Use this URL to cite or link to this record in EThOS: http://ethos.bl.uk/OrderDetails.do?uin=uk.bl.ethos.719775
Title: Stability analysis and control of DC-DC converters using nonlinear methodologies
Author: Wu, Haimeng
Awarding Body: Newcastle University
Current Institution: University of Newcastle upon Tyne
Date of Award: 2016
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Abstract:
Switched mode DC-DC converters exhibit a variety of complex behaviours in power electronics systems, such as sudden changes in operating region, bifurcation and chaotic operation. These unexpected random-like behaviours lead the converter to function outside of the normal periodic operation, increasing the potential to generate electromagnetic interference degrading conversion efficiency and in the worst-case scenario a loss of control leading to catastrophic failure. The rapidly growing market for switched mode power DC-DC converters demands more functionality at lower cost. In order to achieve this, DC-DC converters must operate reliably at all load conditions including boundary conditions. Over the last decade researchers have focused on these boundary conditions as well as nonlinear phenomena in power switching converters, leading to different theoretical and analytical approaches. However, the most interesting results are based on abstract mathematical forms, which cannot be directly applied to the design of practical systems for industrial applications. In this thesis, an analytic methodology for DC-DC converters is used to fully determine the inherent nonlinear dynamics. System stability can be indicated by the derived Monodromy matrix which includes comprehensive information concerning converter parameters and the control loop. This methodology can be applied in further stability analysis, such as of the influence of parasitic parameters or the effect of constant power load, and can furthermore be extended to interleaved operating converters to study the interaction effect of switching operations. From this analysis, advanced control algorithms are also developed to guarantee the satisfactory performance of the converter, avoiding nonlinear behaviours such as fast- and slowscale bifurcations. The numerical and analytical results validate the theoretical analysis, and experimental results with an interleaved boost converter verify the effectiveness of the proposed approach.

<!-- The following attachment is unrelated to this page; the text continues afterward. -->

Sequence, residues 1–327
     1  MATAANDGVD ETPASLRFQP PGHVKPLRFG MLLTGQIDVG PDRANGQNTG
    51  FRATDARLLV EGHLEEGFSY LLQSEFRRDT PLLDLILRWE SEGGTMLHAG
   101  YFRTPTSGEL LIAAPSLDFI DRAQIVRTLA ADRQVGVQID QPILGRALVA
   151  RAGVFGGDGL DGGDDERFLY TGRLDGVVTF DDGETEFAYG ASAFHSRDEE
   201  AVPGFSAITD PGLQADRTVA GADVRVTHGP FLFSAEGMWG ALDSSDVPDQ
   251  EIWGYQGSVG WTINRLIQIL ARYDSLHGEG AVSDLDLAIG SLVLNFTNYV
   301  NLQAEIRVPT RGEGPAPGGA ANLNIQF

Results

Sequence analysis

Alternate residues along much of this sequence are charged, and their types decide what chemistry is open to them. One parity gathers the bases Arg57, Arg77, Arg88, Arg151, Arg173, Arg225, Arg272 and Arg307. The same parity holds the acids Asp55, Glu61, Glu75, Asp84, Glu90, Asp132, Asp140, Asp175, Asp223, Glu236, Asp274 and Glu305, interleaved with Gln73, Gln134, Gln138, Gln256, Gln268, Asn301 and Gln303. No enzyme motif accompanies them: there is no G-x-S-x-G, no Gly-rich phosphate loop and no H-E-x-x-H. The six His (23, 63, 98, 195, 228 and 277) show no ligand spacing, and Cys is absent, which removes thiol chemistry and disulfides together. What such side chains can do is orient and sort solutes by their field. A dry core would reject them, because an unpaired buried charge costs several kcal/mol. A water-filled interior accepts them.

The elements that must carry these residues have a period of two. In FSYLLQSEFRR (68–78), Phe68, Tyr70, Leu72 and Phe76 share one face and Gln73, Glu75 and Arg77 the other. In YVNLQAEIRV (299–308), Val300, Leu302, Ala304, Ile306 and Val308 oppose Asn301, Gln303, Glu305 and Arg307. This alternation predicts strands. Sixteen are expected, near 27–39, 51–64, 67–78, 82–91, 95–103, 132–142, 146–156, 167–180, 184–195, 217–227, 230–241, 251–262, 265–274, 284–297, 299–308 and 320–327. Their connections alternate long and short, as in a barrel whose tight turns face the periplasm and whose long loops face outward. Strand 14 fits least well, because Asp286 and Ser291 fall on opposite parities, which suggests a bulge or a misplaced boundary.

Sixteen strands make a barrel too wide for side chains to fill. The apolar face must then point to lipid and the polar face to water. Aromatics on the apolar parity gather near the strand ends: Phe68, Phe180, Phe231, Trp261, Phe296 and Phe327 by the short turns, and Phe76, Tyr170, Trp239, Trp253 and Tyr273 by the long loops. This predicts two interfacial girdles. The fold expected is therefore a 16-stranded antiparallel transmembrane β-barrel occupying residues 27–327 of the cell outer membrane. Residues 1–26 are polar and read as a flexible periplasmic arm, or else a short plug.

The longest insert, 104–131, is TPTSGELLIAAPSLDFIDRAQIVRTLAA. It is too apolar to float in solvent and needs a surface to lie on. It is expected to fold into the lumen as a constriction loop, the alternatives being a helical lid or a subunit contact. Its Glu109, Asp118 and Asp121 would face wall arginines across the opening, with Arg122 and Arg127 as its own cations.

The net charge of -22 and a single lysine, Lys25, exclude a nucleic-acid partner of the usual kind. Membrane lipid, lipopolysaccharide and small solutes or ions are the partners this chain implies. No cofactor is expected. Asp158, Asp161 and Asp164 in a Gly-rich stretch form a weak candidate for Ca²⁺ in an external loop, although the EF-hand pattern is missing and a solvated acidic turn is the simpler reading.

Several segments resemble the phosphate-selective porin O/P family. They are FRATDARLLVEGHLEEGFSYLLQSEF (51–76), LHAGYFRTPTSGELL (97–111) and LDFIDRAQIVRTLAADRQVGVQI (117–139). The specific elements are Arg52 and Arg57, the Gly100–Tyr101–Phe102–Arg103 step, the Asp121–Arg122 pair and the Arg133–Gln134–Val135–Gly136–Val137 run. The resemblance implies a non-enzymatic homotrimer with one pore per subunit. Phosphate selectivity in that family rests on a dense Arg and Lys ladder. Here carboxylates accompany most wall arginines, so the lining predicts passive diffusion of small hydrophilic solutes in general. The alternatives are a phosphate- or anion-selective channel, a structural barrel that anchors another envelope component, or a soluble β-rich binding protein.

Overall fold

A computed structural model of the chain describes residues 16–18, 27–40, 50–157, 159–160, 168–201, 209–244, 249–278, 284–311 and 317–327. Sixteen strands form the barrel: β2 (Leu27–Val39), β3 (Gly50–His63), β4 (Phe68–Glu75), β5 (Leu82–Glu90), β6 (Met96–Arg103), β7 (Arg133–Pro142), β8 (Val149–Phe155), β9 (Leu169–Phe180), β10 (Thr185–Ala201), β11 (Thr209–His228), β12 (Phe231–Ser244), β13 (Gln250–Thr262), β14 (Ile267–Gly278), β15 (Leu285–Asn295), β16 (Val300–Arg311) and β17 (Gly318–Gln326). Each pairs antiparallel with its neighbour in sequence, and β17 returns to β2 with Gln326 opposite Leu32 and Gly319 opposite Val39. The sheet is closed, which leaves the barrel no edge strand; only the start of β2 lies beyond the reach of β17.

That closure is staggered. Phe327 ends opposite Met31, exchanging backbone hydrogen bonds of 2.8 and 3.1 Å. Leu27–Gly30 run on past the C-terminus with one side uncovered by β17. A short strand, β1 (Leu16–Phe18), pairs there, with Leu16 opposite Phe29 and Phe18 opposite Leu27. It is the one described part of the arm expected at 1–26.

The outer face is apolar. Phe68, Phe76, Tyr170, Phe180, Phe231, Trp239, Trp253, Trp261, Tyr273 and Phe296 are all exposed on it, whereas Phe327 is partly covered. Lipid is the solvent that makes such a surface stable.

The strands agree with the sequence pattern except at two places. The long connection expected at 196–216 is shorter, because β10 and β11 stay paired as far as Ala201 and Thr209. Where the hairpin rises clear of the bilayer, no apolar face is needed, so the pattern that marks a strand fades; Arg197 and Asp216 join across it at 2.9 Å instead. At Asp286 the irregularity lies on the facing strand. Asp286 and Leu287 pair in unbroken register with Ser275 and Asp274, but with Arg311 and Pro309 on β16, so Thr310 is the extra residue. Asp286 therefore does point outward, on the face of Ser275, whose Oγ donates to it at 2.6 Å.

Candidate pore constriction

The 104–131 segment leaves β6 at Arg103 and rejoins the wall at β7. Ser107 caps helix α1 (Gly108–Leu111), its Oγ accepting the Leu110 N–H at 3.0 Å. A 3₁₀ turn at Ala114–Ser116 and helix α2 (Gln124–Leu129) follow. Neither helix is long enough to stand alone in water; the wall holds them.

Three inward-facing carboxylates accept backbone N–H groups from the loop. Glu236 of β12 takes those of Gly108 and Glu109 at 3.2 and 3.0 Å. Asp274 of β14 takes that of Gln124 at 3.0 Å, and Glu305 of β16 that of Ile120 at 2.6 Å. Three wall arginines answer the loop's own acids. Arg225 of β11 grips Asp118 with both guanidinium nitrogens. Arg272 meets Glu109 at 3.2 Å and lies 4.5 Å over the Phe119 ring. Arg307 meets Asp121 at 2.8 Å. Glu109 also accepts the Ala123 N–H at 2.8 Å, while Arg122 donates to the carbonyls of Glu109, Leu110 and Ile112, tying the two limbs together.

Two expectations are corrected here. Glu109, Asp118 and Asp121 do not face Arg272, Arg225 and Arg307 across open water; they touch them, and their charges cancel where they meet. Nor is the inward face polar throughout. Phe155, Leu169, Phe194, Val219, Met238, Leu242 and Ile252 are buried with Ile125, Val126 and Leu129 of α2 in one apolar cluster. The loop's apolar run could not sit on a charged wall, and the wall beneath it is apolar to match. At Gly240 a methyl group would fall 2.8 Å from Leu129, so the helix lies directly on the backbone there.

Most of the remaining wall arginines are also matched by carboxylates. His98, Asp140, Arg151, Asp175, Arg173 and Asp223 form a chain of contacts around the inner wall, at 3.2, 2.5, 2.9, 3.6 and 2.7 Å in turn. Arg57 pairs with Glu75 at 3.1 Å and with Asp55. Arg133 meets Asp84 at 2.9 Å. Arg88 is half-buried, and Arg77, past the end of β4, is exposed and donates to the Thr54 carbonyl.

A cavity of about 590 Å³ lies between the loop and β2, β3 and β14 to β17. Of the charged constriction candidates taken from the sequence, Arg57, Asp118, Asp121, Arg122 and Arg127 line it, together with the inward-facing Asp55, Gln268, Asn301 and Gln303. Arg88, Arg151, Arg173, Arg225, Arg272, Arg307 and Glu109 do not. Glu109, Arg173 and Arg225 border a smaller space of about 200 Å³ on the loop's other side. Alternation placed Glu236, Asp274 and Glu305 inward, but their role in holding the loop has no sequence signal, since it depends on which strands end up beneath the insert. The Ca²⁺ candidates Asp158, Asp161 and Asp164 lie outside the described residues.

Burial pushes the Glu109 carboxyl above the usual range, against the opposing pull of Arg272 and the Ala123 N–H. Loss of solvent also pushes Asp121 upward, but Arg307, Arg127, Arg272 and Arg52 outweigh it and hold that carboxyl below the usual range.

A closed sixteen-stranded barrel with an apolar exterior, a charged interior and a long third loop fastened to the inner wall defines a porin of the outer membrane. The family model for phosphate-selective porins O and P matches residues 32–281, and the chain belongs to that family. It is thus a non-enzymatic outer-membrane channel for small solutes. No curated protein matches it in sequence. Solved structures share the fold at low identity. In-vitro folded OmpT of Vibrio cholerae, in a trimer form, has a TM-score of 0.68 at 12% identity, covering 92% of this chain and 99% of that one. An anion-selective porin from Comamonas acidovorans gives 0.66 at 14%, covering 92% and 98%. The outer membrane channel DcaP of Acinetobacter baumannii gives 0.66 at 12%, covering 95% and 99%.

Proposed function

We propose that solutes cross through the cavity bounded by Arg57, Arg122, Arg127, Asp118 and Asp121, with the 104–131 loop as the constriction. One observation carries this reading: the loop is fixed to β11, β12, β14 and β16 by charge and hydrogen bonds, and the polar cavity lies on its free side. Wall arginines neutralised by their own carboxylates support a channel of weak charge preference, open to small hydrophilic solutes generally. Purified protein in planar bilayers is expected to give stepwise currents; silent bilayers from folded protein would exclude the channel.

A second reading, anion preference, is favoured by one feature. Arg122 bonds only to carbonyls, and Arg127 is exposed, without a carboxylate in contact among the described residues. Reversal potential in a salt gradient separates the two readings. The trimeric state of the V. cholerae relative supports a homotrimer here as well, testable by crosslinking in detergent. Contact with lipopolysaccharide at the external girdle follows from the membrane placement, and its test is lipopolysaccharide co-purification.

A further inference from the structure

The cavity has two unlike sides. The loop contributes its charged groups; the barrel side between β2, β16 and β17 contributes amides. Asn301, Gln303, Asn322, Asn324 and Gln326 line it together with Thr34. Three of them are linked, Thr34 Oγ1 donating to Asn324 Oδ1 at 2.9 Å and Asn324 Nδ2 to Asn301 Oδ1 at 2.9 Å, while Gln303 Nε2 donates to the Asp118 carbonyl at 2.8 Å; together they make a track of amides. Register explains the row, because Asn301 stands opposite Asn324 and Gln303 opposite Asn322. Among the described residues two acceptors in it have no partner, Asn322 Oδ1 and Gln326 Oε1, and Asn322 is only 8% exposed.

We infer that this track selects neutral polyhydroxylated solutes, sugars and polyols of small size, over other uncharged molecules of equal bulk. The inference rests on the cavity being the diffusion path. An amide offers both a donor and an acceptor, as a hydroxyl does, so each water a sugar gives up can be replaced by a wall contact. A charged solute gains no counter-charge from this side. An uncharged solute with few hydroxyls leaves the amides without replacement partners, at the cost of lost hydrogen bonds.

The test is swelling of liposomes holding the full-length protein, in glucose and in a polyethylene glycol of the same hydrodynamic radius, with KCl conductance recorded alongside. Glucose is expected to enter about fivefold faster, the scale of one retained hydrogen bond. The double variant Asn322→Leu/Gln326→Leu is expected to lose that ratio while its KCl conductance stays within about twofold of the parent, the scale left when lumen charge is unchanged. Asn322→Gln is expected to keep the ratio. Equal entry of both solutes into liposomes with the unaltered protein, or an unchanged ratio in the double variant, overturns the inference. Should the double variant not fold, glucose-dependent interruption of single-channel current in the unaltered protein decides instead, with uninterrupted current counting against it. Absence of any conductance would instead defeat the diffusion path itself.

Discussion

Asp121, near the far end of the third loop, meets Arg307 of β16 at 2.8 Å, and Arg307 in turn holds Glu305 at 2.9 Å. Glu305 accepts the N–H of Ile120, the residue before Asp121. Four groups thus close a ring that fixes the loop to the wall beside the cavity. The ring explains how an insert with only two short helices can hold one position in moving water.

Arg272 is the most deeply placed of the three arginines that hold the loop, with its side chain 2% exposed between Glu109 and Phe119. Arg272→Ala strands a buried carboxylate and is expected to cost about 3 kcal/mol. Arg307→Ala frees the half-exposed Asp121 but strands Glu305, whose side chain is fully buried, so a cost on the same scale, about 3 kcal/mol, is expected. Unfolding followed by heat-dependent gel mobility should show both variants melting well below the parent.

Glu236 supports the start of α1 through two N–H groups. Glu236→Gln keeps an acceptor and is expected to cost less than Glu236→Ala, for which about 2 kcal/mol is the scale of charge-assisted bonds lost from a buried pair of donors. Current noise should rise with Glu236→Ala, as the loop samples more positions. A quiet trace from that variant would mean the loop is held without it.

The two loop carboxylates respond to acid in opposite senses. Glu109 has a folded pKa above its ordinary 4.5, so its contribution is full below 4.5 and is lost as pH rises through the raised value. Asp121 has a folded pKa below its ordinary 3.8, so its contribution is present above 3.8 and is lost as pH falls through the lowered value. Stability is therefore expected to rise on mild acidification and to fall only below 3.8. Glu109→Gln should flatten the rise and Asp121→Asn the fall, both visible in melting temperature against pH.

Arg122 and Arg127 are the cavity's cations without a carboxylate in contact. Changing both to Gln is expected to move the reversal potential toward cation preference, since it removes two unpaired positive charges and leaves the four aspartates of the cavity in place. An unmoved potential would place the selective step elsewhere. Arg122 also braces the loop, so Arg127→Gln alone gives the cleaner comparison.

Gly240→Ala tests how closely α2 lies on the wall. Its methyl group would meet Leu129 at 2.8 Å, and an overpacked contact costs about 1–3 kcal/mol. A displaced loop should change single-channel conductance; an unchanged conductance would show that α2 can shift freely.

Supervisor: Not available Sponsor: Engineering and Physical Sciences Research Council (EPSRC) ; China Scholarship Council (CSC) ; Newcastle University
Qualification Name: Thesis (Ph.D.) Qualification Level: Doctoral
EThOS ID: uk.bl.ethos.719775  DOI: Not available
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